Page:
This meeting pattern is reflected in Duncan Campbell’s reports of the 1959 revival in the Hebrides, where much of the blessing came in prayer times that extended through the night. The Primitive Methodist prayer meetings not only followed preaching. Reports in the P.M. Magazine like one on St. Ives in the Redruth Circuit (October 1830) speak of prayer meetings at 6.00am which were scenes of revival blessing. This report reads like a history of the revivals of 1859 or 1904. Some meetings had congregations of thousands. People cried out in anguish of conviction, or wept as the Lord spoke to them. Some found release while others went away still labouring under conviction. Backsliders were restored. Christians found release in a deeper work of God in their lives.

In the early decades of Primitive Methodism, preaching was characterised by conviction of sin in the hearers. There were visible manifestations of this in the tears, laments, groans and cries and the physical postures including falling to the floor. Sometimes it seems that such seekers were in distress for some days or weeks before reaching any assurance of salvation. The result was that they were not merely converts to a cause. They were truly saved. They praised the atoning blood of their Lord Jesus Christ, and lived changed and holy lives. Their communities were changed, and whole towns and villages were affected. There are many claims of revival in recent years, with much talk of manifestations of the Spirit, but how much of this is true revival? Where is the conviction of sin, the emphasis on the blood of Christ, and the teaching of inner and practical holiness which characterised not only the Primitive Methodist revival, but 18th century Methodism, the 17th century English Baptists, the Reformation, or the Revivals of 1859, the 1904 Welsh Revival, the Hebridean Revival and similar moves of the Holy Spirit? Where is the desire to be at the Prayer Meeting? Where is the desire to hear the Bible expounded in all its richness? Where is the desire for that inward holiness which characterised John Wesley’s preaching?

Ask yourself when you last sang Charles Wesley’s hymn

I want a principle within

of jealous, godly fear;

a sensibility of sin,

a pain to feel it near.

Methodism was raised up by God to spread Scriptural Holiness throughout the land. Whereever Methodists have ceased to do that, true Methodism has ceased to exist.

In the concern for conviction of sin, salvation and holiness, Hugh Bourne also recognised gifts of the Holy Spirit such as healing, and wrote about miraculous healings he had seen. We read this in The Primitive Methodist Magazine which he edited and printed. The edition of December 1824 includes an account of two examples of healing of people who had been using crutches for several years. An editorial in another issue has teaching on other spiritual gifts. Some modern historians have suggested that speaking in tongues was a feature of some Camp Meetings. In many respects, Primitive Methodism carried the Pentecostal torch through the 19th century. But it would not have thought to take this name, as their ambition was that message of salvation and scriptural holiness given to them by John Wesley.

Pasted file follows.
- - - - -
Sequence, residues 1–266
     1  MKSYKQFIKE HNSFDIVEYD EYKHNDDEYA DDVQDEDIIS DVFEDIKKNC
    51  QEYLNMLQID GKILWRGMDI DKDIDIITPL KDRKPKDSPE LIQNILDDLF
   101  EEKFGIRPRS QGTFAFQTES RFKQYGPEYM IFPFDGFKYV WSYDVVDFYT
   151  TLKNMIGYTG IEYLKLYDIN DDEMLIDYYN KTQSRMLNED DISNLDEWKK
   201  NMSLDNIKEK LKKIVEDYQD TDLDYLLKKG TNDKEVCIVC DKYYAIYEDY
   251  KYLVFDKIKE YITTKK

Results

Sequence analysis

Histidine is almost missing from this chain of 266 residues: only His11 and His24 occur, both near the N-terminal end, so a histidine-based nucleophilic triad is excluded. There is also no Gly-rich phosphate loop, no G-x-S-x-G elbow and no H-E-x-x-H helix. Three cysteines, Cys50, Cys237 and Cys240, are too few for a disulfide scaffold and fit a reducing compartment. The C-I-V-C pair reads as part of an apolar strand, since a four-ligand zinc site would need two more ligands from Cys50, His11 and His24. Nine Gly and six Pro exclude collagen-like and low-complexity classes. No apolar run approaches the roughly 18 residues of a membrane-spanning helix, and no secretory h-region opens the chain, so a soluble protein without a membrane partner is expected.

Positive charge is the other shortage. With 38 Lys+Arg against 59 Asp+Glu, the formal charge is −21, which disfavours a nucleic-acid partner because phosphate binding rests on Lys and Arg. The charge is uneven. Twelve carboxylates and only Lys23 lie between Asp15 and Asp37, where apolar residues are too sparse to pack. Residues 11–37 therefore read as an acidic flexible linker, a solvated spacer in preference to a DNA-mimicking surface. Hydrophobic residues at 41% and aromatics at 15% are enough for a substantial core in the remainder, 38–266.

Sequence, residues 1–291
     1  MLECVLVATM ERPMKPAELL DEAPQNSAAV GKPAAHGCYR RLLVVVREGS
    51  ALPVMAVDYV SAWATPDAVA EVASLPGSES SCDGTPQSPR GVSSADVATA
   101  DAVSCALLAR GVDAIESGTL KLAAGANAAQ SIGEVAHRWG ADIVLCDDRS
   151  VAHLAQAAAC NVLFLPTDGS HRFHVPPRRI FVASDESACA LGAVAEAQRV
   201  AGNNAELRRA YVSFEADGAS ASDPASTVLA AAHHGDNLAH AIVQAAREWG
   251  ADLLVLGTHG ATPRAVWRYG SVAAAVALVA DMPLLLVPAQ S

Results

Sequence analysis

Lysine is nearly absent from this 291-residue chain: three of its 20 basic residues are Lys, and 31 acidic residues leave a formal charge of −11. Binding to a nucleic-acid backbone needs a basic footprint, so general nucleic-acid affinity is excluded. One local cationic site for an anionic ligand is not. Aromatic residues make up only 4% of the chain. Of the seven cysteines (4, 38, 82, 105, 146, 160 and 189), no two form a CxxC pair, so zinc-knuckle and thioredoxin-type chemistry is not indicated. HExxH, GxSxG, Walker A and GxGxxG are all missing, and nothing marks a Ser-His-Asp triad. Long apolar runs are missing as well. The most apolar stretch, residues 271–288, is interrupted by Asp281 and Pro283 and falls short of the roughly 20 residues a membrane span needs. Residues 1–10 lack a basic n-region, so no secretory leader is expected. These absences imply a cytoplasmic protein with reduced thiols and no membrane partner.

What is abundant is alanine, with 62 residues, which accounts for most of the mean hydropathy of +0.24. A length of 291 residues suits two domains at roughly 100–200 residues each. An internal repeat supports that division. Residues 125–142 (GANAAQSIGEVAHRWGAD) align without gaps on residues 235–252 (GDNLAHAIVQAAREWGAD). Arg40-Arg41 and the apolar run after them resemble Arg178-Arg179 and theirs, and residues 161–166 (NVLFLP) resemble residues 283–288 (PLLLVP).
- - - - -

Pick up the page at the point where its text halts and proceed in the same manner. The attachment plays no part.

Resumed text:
Like Primitive Methodism, the 1904 Revival was characterized by a ‘Holy-Ghost power’ and special times of prayer. But in the Revival, normal routines were set aside in a way that was less practical in the normal life of early Methodism.

Bible-based preaching was the strength of early Methodism. By contrast, according to Eifion Evans, preaching was neglected by Evan Roberts and some other leaders of the Welsh Revival. Thus Primitive Methodism was still fruitful after half a century. The Welsh Revival lasted months, though its influence was felt for longer. Tim LaHaye and Ed Hindson, in their book Seduction Of The Heart, warn of the dangers facing the 21st century Church through ignorance of the Bible. They include Methodism in a summary of 19th century trends leading to this lack of Bible knowledge. Then they add, “Many sincere preachers get off the theological track because they don’t know enough theology to realize their errors”. Even by 1904 the foundation of Bible teaching which might have sustained the Revival was already in decay.

Historian Gwyn Davies (A Light In The Land) describes the Welsh Revival in the longer perspective of Welsh Christian history. It blossomed in 1904, but had roots in the soil of various influences that caused Evan Roberts and others to seek God. Methodism was typical of the soil from which the Revival flowered. We see many similarities between them, but the history of both carries a warning that the blessing of God may be lost, whether quickly or slowly.